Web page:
, an international nonprofit organization which sends students to help build schools in developing countries, recently sent a group from East Hampton High School to Senegal, West Africa. The organization, whose mission is to break the cycle of poverty and illiteracy, first established a youth service in East Hampton in 2012. The program was developed with assistance from another local nonprofit, Paddlers for Humanity
and after raising over $80,000, was eventually able to send the group of fifteen students and one teacher to participate in the volunteer construction process.
The group, lead by teacher Priscilla Campbell
, left on Friday, July 5 and returned 11 days later. The students helped build a small schoolhouse in a village in the Fatick region of Senegal where no adequate school structure existed before. While the school wasn't completely finished by the time the group left, the students had made very significant progress and the villagers are expected to complete the final stages of construction very soon. Each student was directly involved in every aspect of the building process and they worked without professional assistance. From creating the bricks, to laying them in place, mixing cement, and digging trenches, the students were fully immersed in the labor of construction, all in 105-degree weather.
The trip leader, Priscilla Campbell, mentioned an especially memorable moment when one of the women in the village declared, "we went to bed poor and we woke up rich," in reference to the work the students had done for them. And, while Campbell certainly felt that she and the group did a lot of good for the village, she also stressed that the experience was equally valuable for the students and herself.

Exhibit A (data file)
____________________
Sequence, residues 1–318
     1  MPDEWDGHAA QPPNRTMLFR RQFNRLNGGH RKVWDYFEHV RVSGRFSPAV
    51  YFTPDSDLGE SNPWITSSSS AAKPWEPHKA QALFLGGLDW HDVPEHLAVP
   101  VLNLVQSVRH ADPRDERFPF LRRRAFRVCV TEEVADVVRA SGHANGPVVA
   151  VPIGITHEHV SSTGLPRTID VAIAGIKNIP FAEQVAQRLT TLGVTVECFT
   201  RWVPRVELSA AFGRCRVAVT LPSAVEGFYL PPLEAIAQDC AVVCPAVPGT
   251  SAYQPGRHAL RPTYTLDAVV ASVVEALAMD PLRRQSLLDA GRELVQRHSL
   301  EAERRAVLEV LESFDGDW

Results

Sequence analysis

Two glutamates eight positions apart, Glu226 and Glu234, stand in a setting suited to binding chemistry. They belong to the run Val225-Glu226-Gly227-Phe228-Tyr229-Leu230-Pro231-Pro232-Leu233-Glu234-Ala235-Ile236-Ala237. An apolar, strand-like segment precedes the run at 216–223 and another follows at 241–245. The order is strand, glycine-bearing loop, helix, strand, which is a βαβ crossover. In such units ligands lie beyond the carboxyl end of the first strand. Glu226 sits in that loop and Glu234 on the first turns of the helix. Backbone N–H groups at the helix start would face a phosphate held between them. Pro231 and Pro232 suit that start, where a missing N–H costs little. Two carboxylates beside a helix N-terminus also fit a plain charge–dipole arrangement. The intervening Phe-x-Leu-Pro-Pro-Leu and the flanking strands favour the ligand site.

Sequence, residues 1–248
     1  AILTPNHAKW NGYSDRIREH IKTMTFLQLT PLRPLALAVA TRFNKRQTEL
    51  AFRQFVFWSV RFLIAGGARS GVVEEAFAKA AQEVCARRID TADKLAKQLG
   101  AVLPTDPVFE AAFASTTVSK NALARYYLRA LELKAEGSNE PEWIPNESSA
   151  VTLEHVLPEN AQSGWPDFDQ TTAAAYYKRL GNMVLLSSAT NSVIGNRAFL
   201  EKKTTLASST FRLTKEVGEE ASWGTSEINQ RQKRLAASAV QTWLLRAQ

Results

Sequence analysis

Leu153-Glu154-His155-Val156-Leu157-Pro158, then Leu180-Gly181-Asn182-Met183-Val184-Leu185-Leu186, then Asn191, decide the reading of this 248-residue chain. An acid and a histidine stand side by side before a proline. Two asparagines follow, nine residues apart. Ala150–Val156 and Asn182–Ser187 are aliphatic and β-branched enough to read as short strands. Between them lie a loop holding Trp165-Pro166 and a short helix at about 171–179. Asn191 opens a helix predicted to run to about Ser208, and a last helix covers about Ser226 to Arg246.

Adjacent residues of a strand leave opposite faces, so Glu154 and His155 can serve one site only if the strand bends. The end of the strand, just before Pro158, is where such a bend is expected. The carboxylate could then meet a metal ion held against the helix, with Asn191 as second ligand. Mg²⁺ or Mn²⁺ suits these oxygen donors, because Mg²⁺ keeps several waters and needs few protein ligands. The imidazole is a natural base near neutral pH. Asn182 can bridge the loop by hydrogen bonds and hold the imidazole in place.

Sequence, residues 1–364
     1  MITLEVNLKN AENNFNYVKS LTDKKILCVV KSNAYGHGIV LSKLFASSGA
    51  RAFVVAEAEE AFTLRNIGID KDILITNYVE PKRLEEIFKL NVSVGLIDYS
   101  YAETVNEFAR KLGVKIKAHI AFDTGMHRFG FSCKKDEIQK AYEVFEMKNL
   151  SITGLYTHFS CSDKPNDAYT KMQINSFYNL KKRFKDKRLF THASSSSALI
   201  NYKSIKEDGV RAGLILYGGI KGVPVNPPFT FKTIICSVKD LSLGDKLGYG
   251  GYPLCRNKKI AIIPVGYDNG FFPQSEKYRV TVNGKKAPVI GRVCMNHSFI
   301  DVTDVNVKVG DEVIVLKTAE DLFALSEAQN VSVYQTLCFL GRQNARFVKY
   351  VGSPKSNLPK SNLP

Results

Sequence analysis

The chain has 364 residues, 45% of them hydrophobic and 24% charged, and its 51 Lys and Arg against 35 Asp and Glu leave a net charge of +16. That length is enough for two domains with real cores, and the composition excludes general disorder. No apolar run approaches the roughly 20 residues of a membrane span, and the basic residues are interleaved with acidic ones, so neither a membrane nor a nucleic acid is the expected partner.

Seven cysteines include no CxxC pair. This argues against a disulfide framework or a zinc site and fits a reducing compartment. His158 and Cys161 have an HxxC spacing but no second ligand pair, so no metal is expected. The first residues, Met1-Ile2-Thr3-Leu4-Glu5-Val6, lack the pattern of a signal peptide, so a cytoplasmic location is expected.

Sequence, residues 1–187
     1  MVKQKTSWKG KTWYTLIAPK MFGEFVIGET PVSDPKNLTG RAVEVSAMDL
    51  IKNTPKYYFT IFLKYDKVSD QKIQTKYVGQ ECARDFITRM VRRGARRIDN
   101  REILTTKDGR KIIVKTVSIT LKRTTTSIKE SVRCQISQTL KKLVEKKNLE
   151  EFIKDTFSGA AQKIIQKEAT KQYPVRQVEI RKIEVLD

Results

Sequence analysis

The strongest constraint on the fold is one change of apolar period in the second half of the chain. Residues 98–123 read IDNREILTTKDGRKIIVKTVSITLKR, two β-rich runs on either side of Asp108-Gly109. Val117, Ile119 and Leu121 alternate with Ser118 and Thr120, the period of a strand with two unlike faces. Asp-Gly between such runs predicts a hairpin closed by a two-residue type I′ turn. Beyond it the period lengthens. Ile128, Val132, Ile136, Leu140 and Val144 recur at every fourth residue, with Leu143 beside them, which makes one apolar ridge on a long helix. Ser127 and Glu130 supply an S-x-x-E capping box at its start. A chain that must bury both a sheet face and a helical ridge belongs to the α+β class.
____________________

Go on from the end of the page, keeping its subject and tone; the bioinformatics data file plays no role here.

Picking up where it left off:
"We learned so much from them. We went there with the idea that we were going to do this wonderful thing for them, which we definitely did, but we came away from it with so much more than we thought we would," Campbell explained. "We came away with an understanding of how people can live with so much less and so much that's different from us and still be very happy. We just learned a lot about life."
"It's good to do things for yourself if you want a small moment of happiness, but when you do things for others - for something greater than you - you feel like you matter," East Hampton High School senior Serrana Mattiauda
added. "It was an experience that changed my life forever and I'd just really like to thank buildOn and my amazing classmates for sharing it with me."
Campbell has since retired from the school, but another teacher will take her spot as the faculty leader during future trips. With continued support from this year's volunteers and Paddlers for Humanity, buildOn plans to continue its initiatives within East Hampton High School and organize more constructions soon. The organization expects to be able to send a group every other year. The next trip will go to Haiti, Nicaragua, Malawi, or Nepal.
More information about the buildOn organization can be found on their website at www.buildon.org.